But even if that’s true and I’ll never fully get rid of this itching discomfort of the self, I guess unaffected self-assurance would still be something nice to work towards.



Once, when I was seven or eight, my mother said to me, as we sat on the last seat but one on the bus to the clinic, or the shoe shop, that while it was true that books could change with the years just as much as people could, the difference was that whereas people would always drop you when they could no longer get any advantage or pleasure or interest or at least a good feeling from you, a book would never abandon you. Naturally you sometimes dropped them, maybe for several years, or even forever.

But they, even if you betrayed them, would never turn their backs on you: they would go on waiting for you silently and humbly on their shelf. They would wait for ten years. They wouldn’t complain. One night, when you suddenly needed a book, even at three in the morning, even if it was a book you had abandoned and erased from your heart for years and years, it would never disappoint you, it would come down from its shelf and keep you company in your moment of need. It would not try to get its own back or make excuses or ask itself if it was worth its while or if you deserved it or if you still suited each other, it would come at once as soon as you asked.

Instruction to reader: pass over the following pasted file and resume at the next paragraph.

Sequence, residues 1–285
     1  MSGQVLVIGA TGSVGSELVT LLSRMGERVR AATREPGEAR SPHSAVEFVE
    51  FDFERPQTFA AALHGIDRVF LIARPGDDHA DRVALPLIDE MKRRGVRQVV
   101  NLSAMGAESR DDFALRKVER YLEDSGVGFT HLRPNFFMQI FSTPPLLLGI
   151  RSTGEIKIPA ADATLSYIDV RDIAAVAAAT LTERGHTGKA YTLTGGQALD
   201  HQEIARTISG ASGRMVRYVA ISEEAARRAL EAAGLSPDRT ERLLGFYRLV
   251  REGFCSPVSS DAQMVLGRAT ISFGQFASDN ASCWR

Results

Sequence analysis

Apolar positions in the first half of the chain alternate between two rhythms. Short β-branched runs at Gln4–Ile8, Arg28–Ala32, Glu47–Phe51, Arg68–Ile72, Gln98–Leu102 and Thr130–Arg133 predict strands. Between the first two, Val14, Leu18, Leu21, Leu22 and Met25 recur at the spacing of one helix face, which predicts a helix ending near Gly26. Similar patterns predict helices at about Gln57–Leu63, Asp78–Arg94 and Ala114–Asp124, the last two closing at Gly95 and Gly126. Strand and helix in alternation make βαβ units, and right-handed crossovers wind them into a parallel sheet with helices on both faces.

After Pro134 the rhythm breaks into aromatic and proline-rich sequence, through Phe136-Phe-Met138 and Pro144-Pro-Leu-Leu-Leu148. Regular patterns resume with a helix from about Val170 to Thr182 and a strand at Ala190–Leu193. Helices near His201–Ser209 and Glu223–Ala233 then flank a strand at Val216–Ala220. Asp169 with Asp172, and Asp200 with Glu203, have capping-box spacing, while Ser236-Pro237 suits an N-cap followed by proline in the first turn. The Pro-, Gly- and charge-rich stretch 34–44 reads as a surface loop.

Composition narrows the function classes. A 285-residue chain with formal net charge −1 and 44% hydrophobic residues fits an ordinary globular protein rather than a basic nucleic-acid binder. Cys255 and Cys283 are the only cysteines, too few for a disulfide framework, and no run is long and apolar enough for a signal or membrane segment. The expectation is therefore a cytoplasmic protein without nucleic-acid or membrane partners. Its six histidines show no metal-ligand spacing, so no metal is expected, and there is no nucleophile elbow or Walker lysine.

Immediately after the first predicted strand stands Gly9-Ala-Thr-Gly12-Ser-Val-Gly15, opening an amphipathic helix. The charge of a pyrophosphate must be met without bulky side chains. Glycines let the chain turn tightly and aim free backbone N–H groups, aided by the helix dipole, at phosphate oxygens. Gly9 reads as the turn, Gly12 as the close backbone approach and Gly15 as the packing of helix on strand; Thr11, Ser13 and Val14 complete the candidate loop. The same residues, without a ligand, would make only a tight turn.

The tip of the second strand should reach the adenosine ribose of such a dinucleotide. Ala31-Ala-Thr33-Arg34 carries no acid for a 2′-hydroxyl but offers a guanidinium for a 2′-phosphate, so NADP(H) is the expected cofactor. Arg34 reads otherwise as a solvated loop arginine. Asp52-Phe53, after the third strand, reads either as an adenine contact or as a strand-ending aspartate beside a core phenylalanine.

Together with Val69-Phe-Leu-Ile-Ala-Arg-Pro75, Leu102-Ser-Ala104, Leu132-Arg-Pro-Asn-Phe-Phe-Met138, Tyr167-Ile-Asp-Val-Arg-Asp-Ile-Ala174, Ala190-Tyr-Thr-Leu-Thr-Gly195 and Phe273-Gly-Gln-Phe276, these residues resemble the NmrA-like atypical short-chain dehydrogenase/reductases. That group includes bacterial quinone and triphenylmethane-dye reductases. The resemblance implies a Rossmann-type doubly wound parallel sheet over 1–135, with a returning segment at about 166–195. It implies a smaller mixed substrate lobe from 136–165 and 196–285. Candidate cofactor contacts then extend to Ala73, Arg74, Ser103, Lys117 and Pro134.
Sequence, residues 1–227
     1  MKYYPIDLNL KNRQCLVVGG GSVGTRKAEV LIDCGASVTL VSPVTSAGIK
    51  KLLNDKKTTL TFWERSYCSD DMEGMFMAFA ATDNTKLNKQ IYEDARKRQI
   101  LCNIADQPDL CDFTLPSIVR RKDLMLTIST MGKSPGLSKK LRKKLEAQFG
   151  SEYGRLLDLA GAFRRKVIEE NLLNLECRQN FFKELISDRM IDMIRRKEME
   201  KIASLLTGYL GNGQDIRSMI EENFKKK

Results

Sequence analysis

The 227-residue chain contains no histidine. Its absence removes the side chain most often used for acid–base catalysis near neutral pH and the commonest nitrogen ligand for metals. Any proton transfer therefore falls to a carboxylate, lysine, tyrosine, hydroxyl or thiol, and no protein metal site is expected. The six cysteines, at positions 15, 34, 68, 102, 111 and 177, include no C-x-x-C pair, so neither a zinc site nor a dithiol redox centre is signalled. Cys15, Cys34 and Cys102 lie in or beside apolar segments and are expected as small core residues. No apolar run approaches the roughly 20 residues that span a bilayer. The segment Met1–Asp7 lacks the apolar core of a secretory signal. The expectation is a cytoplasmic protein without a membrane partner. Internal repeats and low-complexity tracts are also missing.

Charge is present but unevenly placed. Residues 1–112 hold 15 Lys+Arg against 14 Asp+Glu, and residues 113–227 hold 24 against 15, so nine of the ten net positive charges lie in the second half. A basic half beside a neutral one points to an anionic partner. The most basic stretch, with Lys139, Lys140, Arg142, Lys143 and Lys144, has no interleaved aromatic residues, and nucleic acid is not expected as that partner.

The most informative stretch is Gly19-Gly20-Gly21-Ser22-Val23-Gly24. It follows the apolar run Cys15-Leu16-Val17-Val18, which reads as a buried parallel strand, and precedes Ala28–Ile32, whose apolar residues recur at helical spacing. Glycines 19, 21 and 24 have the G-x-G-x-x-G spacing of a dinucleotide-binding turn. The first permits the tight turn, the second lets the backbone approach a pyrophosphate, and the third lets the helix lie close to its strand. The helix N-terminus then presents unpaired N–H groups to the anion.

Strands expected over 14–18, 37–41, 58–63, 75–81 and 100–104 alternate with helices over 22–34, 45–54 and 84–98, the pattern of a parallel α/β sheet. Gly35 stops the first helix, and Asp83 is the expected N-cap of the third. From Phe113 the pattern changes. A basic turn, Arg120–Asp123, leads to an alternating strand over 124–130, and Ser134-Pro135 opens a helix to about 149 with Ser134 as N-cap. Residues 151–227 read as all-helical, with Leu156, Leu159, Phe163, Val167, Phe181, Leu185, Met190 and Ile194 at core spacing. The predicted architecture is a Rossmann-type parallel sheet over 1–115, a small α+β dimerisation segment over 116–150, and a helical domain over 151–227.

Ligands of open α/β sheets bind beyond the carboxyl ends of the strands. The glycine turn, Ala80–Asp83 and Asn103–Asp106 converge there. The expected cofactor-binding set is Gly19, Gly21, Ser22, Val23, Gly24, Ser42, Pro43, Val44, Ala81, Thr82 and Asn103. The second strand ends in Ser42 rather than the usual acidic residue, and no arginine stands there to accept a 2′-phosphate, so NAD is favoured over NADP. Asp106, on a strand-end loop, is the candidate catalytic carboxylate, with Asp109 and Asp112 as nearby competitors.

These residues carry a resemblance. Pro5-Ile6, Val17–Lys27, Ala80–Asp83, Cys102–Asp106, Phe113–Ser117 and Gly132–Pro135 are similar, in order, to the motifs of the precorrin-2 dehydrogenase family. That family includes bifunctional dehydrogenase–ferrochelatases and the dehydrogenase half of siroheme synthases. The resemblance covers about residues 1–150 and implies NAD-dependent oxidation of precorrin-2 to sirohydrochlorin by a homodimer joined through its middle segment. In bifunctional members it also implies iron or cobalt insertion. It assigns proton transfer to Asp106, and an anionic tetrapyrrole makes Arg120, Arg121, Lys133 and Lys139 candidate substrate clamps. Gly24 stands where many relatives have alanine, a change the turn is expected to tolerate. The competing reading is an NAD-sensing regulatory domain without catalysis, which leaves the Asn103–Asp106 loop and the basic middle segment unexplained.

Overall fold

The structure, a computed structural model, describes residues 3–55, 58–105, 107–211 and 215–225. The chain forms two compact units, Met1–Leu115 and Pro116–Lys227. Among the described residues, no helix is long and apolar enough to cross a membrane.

A book would never let you down.

— Amos Oz, A Tale of Love and Darkness

A reason to celebrate and another reason not to

Today I found my lost book! Just another up-side to cleaning my room. It’s a good thing I found it so soon because I hate leaving books unfinished, particularly when I’m enjoying them. I always feel guilty if I don’t.

I like my books very very much. I take good care of them– no bent corners, no stains, no ripped pages. I worry excessively when I lend them out, which is probably why I don’t make a habit of letting people borrow things. I guess I’m selfish that way. I just don’t trust other people to take care of my books unless I know they’re as careful and neurotic about their books as I am.

The worst part is when people borrow books and never return them. I hate that. I hate asking for a book back when the person hasn’t gotten to read it yet, but I hate the thought of never getting it back even more. But I’m no saint. I’ve done it a few times. I’ve checked out novels from the shelves of my middle school English classes and forgotten to check them back in. I’ve borrowed books that I ignored for years before actually reading. They’re on my shelf now. I always feel a little guilty knowing they’re not really mine. But I don’t have the chance (or the heart) to return them.

The Diary of a Disappointed Book from Studiocanoe on Vimeo.
Watch this video. It is wonderful.

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Norwegian Wood